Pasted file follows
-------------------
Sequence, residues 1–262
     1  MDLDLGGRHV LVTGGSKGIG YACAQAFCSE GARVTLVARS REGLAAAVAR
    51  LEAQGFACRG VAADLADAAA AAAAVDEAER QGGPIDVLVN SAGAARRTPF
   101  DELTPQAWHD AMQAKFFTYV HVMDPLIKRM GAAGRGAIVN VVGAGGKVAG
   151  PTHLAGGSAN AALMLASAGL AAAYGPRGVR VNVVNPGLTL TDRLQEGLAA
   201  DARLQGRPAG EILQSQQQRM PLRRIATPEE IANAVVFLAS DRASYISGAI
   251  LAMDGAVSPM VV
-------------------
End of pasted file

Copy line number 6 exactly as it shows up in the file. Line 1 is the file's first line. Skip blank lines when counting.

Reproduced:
   201  DARLQGRPAG EILQSQQQRM PLRRIATPEE IANAVVFLAS DRASYISGAI